The opinion of the court was delivered by: STERLING JOHNSON, JR.
Before this Court are motions by Defendant, Janet Medina ("Medina"), to (1) direct the Government to provide a Bill of Particulars; (2) direct the Government to provide material as required by Rule 16 of the Federal Rules of Criminal Procedure and Brady v. Maryland, 373 U.S. 83, 10 L. Ed. 2d 215, 83 S. Ct. 1194 (1963); (3) suppress statements made by the Defendant and suppress the physical evidence seized from a front apartment at 58-36 Penrod Street; (4) permit inspection of the Grand Jury minutes, or in the alternative, dismiss the indictment; and (5) sever her trial from that of her co-defendants. Chief Magistrate Judge Chrein has filed a Report and Recommendation concerning the motions to suppress and this Court considers that report herein. For the reasons stated below, the motions are denied except for the motion to sever which was previously granted at a conference before this Court.
This case arises from a Drug Enforcement Agency ("DEA") investigation of the cocaine trafficking activities of Gilberto Menesses. Through the use of confidential informants and several wiretaps, the DEA learned information concerning several other individuals and narcotics trafficking.
On May 23, 1991, the DEA learned through intercepted conversations that a quantity of cocaine was to be temporarily stored at an apartment located at 58-36 Penrod Street, Corona, New York. Later that day, DEA agents and a New York City police officer arrived at the premises and knocked on the door of the apartment identifying themselves. The Defendant was seen on the balcony of the apartment after DEA agents had knocked on the door. When the agents entered, they found narcotics in plain view in a gym bag. The agents brought the gym bag into the room where Medina was and she said "that's not mine that's my husband Alonso's." Hearing Tr. at 21-22. Soon thereafter, Medina consented, in writing, to a further search of the premises whereupon $ 30,961 of United States currency was discovered. Subsequent surveillance of other individuals occurred as well as additional seizures. On June 5, 1991, DEA agents executed arrest warrants for several individuals; Janet Medina turned herself in a few days later.
1. Defendant's Motion to Compel the Government to Produce a Bill of Particulars
The Defendant has moved this Court to require the Government to provide a Bill of particulars pursuant to Rule 7 of the Federal Rules of Criminal Procedure. It is requested that the Government disclose details with respect to the exact time and place in which Medina was allegedly in possession of narcotics as well as the exact location in which contraband was allegedly found; names and addresses of any witnesses; the exact date and time of Defendant's arrest; a detailed description of the containers in which the narcotics were packaged and its position at the time of such seizure; and whether or not a search warrant was issued. The Defendant also requests that the government reveal whether she was in physical or constructive possession of the cocaine.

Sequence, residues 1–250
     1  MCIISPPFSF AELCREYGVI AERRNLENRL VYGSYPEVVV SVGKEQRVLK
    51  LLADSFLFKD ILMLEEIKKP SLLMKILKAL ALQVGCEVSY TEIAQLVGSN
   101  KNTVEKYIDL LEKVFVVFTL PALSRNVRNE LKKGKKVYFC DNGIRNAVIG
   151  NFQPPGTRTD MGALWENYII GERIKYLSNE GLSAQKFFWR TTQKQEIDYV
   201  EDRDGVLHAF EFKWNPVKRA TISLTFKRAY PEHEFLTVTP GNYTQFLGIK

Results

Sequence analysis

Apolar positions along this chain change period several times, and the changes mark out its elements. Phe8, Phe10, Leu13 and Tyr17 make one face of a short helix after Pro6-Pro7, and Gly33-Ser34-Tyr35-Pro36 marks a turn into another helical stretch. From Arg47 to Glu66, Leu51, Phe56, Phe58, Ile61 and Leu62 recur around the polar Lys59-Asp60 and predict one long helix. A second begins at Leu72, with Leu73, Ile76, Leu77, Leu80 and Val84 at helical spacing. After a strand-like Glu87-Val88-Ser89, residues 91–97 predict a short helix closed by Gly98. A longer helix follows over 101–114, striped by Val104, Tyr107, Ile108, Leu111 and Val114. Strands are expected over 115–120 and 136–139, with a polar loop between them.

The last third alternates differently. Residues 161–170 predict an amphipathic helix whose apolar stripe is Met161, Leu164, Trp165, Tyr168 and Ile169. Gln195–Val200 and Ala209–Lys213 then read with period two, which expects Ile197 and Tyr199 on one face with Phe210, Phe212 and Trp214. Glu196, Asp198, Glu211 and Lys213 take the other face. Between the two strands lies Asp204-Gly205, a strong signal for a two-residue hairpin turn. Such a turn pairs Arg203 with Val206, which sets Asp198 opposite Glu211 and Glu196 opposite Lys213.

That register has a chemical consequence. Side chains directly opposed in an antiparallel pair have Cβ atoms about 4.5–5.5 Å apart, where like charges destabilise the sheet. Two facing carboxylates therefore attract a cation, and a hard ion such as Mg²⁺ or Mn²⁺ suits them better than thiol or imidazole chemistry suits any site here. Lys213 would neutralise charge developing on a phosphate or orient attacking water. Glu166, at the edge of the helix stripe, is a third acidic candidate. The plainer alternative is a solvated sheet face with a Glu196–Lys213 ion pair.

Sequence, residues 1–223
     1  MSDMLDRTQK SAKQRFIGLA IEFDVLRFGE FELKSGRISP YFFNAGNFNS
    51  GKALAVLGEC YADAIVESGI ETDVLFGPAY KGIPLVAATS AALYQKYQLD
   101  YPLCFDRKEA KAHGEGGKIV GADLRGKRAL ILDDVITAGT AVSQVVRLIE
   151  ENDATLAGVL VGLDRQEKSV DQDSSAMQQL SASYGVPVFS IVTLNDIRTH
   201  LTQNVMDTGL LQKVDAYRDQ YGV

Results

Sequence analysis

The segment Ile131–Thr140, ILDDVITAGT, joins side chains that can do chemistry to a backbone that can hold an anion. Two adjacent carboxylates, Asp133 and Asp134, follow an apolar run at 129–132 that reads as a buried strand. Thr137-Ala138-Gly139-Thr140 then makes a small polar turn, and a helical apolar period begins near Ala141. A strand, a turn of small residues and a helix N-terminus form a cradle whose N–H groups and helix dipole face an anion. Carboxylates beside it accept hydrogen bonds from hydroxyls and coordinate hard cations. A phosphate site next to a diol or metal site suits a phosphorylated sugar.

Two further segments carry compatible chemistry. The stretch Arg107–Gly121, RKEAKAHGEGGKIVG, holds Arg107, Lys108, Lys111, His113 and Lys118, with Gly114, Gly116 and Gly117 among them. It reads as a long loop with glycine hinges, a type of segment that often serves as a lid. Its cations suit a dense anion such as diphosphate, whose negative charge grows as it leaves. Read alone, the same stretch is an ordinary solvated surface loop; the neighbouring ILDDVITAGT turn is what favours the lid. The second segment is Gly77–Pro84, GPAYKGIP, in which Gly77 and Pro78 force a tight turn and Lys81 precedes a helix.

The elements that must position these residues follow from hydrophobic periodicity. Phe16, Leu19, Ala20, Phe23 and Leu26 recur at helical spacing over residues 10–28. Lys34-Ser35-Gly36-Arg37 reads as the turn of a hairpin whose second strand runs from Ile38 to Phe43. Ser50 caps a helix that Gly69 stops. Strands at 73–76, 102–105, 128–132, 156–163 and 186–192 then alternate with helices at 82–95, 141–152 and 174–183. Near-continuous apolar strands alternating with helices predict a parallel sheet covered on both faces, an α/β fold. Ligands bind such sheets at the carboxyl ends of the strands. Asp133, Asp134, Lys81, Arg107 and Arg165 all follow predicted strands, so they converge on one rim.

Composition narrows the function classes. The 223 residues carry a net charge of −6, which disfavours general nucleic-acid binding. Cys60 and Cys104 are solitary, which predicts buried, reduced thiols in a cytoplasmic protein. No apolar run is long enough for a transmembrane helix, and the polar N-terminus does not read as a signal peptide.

It is the practice in this Court to encourage open disclosure of the Government's case to defendants. Here, the Government has provided copies of the affidavits supporting the various wiretaps in this case, draft transcripts of the Intercepted conversations, and copies of the search warrants and their supporting affidavits The precise details of the Government's case need not be revealed. United States v. Zuluaga, 651 F. Supp. 746, 750-51 (E.D.N.Y. 1986). The Defendant has made no specific claims of the necessity to see more details than have been provided; such general allegations cannot support the demand for a bill of particulars. Wong Tai v. United States, 273 U.S. 77, 71 L. Ed. 545, 47 S. Ct. 300 (1927); United States v. Tramunti, 513 F.2d 1087, 1113-14 (2d Cir.), cert. denied, 423 U.S. 832, 46 L. Ed. 2d 50, 96 S. Ct. 54, 96 S. Ct. 55 (1975). Accordingly, Defendant's motion is denied.
2. Defendant's Motion to Obtain Brady Material
Defendant claims that the Government has exculpatory information that must be disclosed pursuant to Brady v. Maryland, 373 U.S. 83, 10 L. Ed. 2d 215, 83 S. Ct. 1194 (1963). The Defendant properly argues that Brady material must be turned over immediately upon request by the defense or discovery by the Government. United States v. Crozzoli, 698 F. Supp. 430, 437 (E.D.N.Y. 1988). The Government has asserted that it is aware of its obligations and has averred that it will turn over any Brady material upon its discovery or near in time to when a witness testifies according to the practices of the Eastern District of New York However, if Defendants have evidence that such material does indeed exist and has not been turned over in accordance with this Court's practices, this Court will conduct an in camera inspection of such evidence to determine whether it indeed falls within Brady's scope.
The Defendant has also requested that the Government provide a list of all potential government witnesses. The Government has opposed this motion on the grounds that security concerns prohibit them from disclosing the identities and that the Defendant has failed to demonstrate that their need for such a list is greater than these concerns. See United States v. Cannone, 528 F.2d 296, 301 (2d Cir. 1975) (holding that requests for a witness list must be shown to be material to the defendant's trial preparations and reasonable under the circumstances). Given the alleged links to narcotics traffickers in Colombia, the Government's concerns about security and ...